One of the things I enjoy most about my job is helping people achieve a beautiful smile. When consulting with a patient who isn’t happy with their smile there are several factors that have to be considered. The most important is determining exactly what it is the patient wants! The definitions of a beautiful smile are as varied as the people who desire them, but there are some overall principles that I always assess, such as position, shape and color of the teeth.
Let’s talk about tooth position first. Teeth that are misaligned, even if they have good shape and color, can result in an unaesthetic smile. How to go about correcting this depends on the severity of the misalignment. Orthodontics – either traditional braces or clear aligners (such as Invisalign and Clear Correct) – can move the teeth into their optimal position, whether the problem is crowding, spacing or angulation of the teeth. For severely misaligned teeth this is usually the best option. For smaller problems other options can sometimes be considered, such as cosmetic bonding, veneers, and/or crowns. Each option has its pros and cons. (I’ll probably do an entry on the differences between these in the near future.) Part of my job – and my responsibility – is to help patients understand each of these options and to make the decision that is best for them and that will give them the result they desire.
Teeth come in a variety of shapes and sizes, but unless you are having a denture made it can be difficult to change the shape and size of all the teeth at once. Minor changes to shape and size can be accomplished with re-contouring, cosmetic bonding or veneers. Crowns allow for a more pronounced change. In all of these cases, however, we are limited to the space that exists for the teeth. Someone with a small arch can’t fit the same sized teeth as someone with a large arch.
Color is another important factor in creating a beautiful smile. There are many things that can cause teeth to darken. Some childhood illnesses or medications can discolor a tooth from the inside. Trauma can also cause a tooth to darken over time. Certain restorations can also discolor a tooth. Silver-mercury (amalgam) fillings usually give a very gray appearance to a tooth. Very old composite fillings are sometime not very color-stable. That’s not a problem with modern composite fillings, thankfully. Coffee, tobacco, red wine and other dark-colored drinks can stain teeth as well. I’ve even seen teeth that were stained a greenish color from drinking too much Mountain Dew! Discoloration can also happen naturally as we age. And, frankly, some people just naturally have dark teeth. Blame your parents for that one!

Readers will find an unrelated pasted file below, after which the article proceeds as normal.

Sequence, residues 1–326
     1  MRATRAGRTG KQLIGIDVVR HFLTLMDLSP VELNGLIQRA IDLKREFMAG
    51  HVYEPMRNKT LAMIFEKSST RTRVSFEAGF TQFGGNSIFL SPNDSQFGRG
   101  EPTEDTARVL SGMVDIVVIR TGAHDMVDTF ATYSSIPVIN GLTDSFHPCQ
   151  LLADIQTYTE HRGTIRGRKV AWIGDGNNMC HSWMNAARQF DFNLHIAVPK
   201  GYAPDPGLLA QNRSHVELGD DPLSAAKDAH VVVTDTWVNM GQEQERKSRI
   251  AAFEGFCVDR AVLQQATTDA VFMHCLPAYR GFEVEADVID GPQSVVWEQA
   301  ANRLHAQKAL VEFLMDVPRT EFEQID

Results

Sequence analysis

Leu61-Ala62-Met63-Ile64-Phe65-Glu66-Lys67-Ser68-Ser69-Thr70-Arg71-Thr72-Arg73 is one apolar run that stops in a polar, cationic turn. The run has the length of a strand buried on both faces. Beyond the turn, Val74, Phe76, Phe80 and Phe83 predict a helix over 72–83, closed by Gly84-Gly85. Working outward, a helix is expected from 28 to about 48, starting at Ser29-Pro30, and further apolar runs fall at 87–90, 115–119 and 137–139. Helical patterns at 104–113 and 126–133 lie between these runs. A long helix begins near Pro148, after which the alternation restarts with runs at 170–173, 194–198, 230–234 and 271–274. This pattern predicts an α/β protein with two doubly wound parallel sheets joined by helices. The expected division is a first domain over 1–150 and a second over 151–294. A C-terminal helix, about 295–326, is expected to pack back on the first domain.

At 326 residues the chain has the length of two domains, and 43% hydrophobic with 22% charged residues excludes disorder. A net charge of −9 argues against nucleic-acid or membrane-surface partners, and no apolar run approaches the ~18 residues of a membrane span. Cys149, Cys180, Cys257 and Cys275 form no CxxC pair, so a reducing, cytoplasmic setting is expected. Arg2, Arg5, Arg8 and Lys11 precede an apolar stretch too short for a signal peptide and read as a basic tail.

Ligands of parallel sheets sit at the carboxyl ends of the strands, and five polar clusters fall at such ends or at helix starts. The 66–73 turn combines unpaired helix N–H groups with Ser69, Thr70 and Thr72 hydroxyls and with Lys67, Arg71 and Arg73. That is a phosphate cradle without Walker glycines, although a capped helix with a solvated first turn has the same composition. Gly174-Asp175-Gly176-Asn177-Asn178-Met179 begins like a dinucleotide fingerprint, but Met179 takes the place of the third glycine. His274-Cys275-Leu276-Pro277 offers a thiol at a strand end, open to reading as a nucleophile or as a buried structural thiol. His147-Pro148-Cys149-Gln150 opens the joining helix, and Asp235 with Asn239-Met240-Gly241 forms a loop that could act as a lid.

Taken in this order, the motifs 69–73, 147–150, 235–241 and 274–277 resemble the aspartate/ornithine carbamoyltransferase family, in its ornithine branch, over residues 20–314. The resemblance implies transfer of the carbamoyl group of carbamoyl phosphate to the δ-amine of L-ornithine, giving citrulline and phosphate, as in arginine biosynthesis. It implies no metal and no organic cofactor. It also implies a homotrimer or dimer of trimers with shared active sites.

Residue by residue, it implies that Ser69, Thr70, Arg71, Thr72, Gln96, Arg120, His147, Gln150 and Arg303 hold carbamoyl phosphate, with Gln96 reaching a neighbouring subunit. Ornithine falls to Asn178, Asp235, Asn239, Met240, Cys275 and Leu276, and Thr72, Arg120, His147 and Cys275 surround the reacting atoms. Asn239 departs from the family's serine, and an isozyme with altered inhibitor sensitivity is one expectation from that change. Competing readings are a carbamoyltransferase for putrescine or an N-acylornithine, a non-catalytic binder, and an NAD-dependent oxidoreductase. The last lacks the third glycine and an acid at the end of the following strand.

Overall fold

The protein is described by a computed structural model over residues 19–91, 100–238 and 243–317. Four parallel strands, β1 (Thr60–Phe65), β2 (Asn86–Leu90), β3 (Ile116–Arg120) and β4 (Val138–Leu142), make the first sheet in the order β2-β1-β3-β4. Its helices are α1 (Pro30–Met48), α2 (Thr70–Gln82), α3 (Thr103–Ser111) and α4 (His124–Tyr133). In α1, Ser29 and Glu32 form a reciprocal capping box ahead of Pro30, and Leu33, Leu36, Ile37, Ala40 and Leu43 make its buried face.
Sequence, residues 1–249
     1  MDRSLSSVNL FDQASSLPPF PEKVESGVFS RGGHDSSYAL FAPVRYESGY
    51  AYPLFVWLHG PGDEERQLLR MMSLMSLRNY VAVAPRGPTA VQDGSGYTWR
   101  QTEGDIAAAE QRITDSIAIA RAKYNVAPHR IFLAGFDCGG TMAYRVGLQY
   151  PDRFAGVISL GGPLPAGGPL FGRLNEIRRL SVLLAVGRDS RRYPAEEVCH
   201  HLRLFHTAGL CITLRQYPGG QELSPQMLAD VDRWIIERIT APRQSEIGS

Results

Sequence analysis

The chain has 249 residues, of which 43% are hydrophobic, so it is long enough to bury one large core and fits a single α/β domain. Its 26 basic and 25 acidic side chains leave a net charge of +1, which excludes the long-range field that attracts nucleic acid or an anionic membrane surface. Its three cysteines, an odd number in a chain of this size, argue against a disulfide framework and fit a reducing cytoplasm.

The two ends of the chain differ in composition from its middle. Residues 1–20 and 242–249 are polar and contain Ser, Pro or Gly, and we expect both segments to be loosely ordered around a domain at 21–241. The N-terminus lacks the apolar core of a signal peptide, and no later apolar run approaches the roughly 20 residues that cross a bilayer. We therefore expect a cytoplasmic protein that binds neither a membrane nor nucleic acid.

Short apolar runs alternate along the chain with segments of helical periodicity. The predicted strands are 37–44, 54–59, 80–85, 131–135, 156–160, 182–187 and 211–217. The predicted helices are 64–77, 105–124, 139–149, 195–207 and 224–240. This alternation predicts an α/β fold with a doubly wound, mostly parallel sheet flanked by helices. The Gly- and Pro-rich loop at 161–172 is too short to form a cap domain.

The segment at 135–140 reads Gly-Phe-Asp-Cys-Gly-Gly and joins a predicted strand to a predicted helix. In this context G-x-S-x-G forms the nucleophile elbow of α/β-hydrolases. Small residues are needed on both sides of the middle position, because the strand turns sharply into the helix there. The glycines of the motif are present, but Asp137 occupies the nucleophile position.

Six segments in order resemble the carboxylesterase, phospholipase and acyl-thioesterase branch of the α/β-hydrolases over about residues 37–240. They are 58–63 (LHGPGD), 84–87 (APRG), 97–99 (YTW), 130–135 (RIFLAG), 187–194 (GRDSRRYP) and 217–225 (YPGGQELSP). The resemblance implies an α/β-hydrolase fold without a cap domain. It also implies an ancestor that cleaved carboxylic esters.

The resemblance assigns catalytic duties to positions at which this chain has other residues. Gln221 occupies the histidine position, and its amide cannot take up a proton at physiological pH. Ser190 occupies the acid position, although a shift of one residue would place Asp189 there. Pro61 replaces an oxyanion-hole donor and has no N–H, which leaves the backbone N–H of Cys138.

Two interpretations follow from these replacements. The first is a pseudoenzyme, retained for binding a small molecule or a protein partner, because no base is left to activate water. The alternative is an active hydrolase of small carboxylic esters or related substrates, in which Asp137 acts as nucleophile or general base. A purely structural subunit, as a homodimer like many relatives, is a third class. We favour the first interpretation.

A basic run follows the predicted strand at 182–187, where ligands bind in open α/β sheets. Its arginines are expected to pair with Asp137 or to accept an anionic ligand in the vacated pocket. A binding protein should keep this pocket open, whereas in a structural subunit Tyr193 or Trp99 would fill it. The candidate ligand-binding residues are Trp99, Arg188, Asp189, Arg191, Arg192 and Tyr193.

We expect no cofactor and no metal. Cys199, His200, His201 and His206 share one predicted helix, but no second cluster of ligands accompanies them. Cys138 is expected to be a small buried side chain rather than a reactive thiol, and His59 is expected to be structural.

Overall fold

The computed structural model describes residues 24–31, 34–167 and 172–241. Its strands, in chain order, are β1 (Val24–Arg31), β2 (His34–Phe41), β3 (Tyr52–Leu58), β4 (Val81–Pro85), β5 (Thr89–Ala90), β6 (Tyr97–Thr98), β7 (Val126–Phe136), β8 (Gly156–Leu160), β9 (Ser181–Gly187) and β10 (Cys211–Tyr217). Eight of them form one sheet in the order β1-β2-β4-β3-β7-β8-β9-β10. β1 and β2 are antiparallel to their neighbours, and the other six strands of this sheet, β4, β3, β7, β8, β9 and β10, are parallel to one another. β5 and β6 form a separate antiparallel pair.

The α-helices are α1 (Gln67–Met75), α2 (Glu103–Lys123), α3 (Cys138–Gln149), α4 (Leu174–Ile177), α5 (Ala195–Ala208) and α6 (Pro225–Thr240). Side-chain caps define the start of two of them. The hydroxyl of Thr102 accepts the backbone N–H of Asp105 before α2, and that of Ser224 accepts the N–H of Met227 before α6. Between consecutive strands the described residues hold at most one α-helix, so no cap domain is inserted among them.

The good news is that the color of teeth can be changed. The solution will depend on exactly what is causing the discoloration. Staining can usually be removed with a good cleaning and maybe some tooth-whitening. Metal fillings can be removed and replaced with tooth-colored (composite) fillings. If the discoloration is from within the tooth then most likely some sort of cosmetic dentistry will be needed. Whether this is bonding, veneers or crowns will again depend on the situation.
There are two other factors of a beautiful smile to quickly touch on. The first is the soft tissues that surround the teeth, such as the gums and lips. Sorry, but I’m not the one to help you change your lips. The gums are another matter. Uneven gingival contours – if they show when you smile – can detract from the beauty of the smile. Gingival surgery to reshape the gums can do wonders for a smile. This can also help to make teeth that look short and squat to appear longer and fuller. I don’t do surgeries myself, but work closely with surgical specialists who are experts in this area and get beautiful results .
The last factor is the negative space around the teeth and gums. This is closely related to both the position and the shape/size of the teeth. The space between the back teeth and the cheeks is often referred to as the buccal corridor. A wide, broad smile that fills the buccal corridor is typically more attractive than a narrow, constructed smile with an empty buccal corridor. Additionally, the size and relation of the small triangular spaces between the corners of the teeth (called embrasures by those in the field) can drastically affect the overall appearance of the smile.
Did you have any idea that this was so complex and involved? Good thing you know someone who is qualified and available to help you! (Wink, wink…) Have more question? Give us a call and schedule a consultation!